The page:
Custodial parents in Connecticut who are owed back child support by their former spouses who are no longer working but who are receiving Social Security benefits may wonder if they have any recourse. Although Supplemental Security Income benefits may not be garnished, other types of Social Security benefits are reachable to help take care of the delinquencies.
The reason that SSI benefits can not be garnished is that they are viewed as a form of welfare. However, other Social Security benefits are considered to be income that has been earned by the recipient who had paid into the program while employed, and thus they can be garnished under some circumstances. These include retirement and disability benefits.
Courts consider it to be a matter of public policy that both parents should be responsible for providing financial support for their child. In order to start a garnishment of available Social Security benefits, the parent who is owed support must first start by filing a motion with the court. Evidence will have to be provided that there is an existing support order that is not being complied with. Upon the issuance of the court’s garnishment order, the parent may then present it to the local Social Security office in order to initiate the withholding of benefits. Under federal law, the maximum amount that may be garnished is 65 percent of the person’s monthly benefit amount, although it may be a lesser percentage if the parent entitled to receive those benefits is under a court order to pay support with respect to another child.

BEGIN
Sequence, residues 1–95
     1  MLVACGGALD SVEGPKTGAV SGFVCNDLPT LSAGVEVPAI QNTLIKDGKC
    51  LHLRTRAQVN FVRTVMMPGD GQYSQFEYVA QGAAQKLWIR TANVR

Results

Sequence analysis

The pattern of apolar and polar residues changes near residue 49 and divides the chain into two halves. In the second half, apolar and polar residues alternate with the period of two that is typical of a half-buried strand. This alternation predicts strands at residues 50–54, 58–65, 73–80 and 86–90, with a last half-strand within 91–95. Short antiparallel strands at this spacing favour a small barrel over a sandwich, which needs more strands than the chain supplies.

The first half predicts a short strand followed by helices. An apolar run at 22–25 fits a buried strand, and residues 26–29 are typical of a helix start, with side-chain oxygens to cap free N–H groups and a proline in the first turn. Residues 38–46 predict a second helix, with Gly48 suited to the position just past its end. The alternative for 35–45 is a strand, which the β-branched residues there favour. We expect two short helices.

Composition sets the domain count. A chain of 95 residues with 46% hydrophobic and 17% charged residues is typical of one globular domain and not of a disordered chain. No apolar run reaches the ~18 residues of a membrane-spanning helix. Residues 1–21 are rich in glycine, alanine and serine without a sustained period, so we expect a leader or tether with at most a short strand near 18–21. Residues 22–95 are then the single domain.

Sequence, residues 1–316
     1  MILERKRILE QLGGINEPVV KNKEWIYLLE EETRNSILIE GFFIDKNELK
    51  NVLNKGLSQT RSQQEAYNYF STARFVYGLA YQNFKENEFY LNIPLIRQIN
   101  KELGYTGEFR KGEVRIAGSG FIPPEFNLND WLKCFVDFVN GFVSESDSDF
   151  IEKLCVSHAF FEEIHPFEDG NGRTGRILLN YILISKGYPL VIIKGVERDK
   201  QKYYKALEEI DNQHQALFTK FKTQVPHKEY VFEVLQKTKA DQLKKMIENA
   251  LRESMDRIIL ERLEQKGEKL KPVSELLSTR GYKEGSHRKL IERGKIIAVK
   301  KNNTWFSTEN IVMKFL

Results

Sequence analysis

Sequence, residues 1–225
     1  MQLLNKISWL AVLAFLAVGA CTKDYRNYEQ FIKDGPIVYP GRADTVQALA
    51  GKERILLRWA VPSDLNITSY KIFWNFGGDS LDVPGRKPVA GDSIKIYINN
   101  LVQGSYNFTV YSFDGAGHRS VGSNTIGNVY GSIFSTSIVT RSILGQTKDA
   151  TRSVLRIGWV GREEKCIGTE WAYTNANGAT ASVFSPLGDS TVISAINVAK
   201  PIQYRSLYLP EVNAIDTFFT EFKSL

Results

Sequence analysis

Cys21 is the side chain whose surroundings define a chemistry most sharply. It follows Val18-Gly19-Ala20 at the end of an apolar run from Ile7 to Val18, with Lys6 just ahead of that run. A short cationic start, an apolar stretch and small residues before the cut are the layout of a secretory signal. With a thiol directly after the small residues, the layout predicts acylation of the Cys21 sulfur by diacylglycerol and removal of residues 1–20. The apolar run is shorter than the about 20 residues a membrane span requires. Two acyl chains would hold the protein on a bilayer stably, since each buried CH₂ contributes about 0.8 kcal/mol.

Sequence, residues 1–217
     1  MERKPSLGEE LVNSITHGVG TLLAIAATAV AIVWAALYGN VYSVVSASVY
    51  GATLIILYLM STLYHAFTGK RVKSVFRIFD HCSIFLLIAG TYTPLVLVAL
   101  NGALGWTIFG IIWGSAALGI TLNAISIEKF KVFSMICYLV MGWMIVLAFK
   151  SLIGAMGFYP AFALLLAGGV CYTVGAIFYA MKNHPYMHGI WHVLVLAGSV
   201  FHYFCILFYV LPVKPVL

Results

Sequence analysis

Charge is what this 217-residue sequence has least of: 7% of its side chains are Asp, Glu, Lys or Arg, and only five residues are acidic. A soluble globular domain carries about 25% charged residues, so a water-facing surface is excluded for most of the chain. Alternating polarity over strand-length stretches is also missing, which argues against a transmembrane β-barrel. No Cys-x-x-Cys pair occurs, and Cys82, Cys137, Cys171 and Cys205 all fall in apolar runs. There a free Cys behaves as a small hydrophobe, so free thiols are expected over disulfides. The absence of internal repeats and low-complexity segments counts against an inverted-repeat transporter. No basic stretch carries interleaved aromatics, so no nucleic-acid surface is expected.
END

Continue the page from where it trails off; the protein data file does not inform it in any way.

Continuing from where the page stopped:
Child support orders issued as part of a divorce decree are designed to ensure that the children are living in a situation as close to that they would enjoy if their parents had remained together. In addition to Social Security garnishment, there are other methods of child support enforcement that a family law attorney can explain to a parent who is seeking to recover payments that are owed.